is not simply prohibited by censorship but made by it. For Mandanipour, the censor is a kind of co-writer of the book . . . Even more interesting, the writer, in this situation, becomes his characters; he wants what they want. Their freedom is bound up with his. This interdependency does provocative things to the relation of fiction to reality. On the one hand, fiction becomes more real–real enough to strike lines through. On the other hand, fiction becomes more fictional–multiple writers (the author and his censors) are making up a collective story as they go along, improvising, cutting, editing, bargaining with each other. One of the great successes of this book is how thoroughly it persuades the reader that a novel about censorship could not help also being a novel about fiction-making; and it thus brings a political gravity to a fictive self-consciousness sometimes abused by the more weightless postmodernism. [The author's] commentary, in which Mandanipour writes as himself, entertainingly informs the reader about the riskier aspects of the two protagonists, the history of censorship in Iran, the revolution of 1979, and so on. . . . Mandanipour's writing is exuberant, bonhomous, clever, profuse with puns and literary-political references; the reader unversed in contemporary Iranian fiction might easily think of Kundera (who is alluded to), or of the Rushdie of Midnight's Children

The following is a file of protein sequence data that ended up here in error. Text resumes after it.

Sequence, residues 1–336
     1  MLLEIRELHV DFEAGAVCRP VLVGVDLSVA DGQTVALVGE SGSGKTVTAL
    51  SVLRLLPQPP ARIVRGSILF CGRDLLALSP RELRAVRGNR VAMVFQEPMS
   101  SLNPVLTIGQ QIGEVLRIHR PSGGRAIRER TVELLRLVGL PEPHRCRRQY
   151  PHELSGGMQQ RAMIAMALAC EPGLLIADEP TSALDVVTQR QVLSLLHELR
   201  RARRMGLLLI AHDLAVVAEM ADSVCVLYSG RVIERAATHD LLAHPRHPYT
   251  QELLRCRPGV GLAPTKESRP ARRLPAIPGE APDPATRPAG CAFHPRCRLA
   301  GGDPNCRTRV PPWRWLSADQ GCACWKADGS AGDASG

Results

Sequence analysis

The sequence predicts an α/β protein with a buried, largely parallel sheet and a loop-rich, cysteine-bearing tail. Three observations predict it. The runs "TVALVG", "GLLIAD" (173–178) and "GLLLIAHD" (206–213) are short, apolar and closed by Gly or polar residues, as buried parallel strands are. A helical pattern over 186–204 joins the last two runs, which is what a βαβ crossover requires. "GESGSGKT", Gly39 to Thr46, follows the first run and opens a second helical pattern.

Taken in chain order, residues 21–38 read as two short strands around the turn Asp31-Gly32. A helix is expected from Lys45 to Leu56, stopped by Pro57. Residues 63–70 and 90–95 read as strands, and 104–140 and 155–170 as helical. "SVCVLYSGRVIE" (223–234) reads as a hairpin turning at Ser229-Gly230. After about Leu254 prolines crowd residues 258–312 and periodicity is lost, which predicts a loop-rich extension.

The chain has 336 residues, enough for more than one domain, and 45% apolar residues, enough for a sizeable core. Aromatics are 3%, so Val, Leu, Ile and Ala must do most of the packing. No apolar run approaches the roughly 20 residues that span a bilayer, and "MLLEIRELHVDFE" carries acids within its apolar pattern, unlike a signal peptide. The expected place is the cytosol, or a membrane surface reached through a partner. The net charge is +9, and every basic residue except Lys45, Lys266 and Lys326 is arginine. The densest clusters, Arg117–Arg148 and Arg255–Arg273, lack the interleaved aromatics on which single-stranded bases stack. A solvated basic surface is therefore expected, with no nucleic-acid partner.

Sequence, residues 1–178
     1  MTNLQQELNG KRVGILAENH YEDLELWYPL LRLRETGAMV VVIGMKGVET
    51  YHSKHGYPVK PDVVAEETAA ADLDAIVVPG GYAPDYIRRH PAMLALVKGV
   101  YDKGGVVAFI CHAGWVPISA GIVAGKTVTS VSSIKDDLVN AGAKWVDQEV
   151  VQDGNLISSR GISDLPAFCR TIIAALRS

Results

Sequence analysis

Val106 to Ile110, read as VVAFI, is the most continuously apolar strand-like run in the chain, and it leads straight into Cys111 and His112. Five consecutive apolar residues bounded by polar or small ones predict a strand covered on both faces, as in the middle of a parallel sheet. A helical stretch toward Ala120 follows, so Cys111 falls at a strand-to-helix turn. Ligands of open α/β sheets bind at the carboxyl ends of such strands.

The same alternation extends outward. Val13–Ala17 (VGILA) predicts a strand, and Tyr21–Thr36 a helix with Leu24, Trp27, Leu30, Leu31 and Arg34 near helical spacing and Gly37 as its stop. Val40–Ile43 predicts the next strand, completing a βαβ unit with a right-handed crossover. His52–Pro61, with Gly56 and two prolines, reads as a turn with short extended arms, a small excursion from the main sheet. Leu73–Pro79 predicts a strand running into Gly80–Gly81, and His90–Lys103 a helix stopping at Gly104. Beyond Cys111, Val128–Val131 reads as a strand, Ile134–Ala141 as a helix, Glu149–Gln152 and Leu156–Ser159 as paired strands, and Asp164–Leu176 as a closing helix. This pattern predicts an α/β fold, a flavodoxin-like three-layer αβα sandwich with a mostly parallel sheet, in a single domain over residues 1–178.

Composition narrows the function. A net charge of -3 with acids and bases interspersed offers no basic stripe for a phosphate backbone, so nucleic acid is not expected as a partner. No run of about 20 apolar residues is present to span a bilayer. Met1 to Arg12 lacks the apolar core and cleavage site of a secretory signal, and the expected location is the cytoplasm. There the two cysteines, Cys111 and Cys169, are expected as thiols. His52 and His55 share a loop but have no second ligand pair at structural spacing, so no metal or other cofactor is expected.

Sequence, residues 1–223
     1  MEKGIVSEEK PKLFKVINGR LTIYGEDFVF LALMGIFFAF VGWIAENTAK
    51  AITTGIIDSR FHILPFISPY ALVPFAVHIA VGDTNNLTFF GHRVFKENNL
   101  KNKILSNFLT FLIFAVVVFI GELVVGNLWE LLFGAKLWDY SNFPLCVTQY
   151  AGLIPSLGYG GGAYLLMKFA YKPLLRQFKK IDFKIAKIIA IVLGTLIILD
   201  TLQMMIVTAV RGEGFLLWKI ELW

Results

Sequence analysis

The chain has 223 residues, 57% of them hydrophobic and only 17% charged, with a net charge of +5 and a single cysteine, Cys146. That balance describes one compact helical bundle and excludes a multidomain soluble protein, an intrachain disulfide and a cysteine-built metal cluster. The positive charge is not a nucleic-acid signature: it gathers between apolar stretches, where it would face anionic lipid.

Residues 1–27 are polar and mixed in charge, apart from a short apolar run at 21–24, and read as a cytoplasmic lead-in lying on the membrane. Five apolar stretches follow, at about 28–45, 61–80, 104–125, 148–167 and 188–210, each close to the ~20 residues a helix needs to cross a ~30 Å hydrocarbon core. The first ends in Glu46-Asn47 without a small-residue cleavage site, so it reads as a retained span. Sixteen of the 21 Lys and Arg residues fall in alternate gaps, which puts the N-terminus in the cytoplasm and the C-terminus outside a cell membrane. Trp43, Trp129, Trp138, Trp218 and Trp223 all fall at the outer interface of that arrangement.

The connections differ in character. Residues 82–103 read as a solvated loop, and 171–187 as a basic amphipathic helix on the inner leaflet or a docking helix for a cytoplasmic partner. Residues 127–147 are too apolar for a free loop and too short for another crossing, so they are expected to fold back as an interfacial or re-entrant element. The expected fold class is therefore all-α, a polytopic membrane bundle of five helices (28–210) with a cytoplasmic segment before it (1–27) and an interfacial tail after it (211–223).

. . . . Charming and often witty."
–James Wood, The New Yorker
"In this brilliantly conceived and cleverly written novel, characters and author together and separately act and write with sly purpose, disguising and disavowing their subversive ends–to live, love, and create in today's repressive Iranian society."
–Barbara Fisher, Boston Sunday Globe
"In his first novel to be translated into English, Shahriar Mandanipour sets out to write the story of young lovers struggling to consummate their prenuptial passion under the eyes of the Iranian morals police. They hang out in Internet cafes, dark movie houses and on the jammed and smoggy streets of modern-day Tehran. The clandestine courtship comes at a time when university students protest, and vigilantes watch out for transgressing neighbors. A war with U.S. troops and suicide bombers rages in next-door Iraq. Telling amorous tales in post-Islamic-revolution Iran is tricky, if not downright dangerous, but a fictional writer named Shahriar Mandanipour is up to the task. . . . As he tells his censor-wary story, the matchmaking narrator employs symbol, metaphor and plenty of heartache–nods to Barthes and Borges that of course don't go unnoticed by t...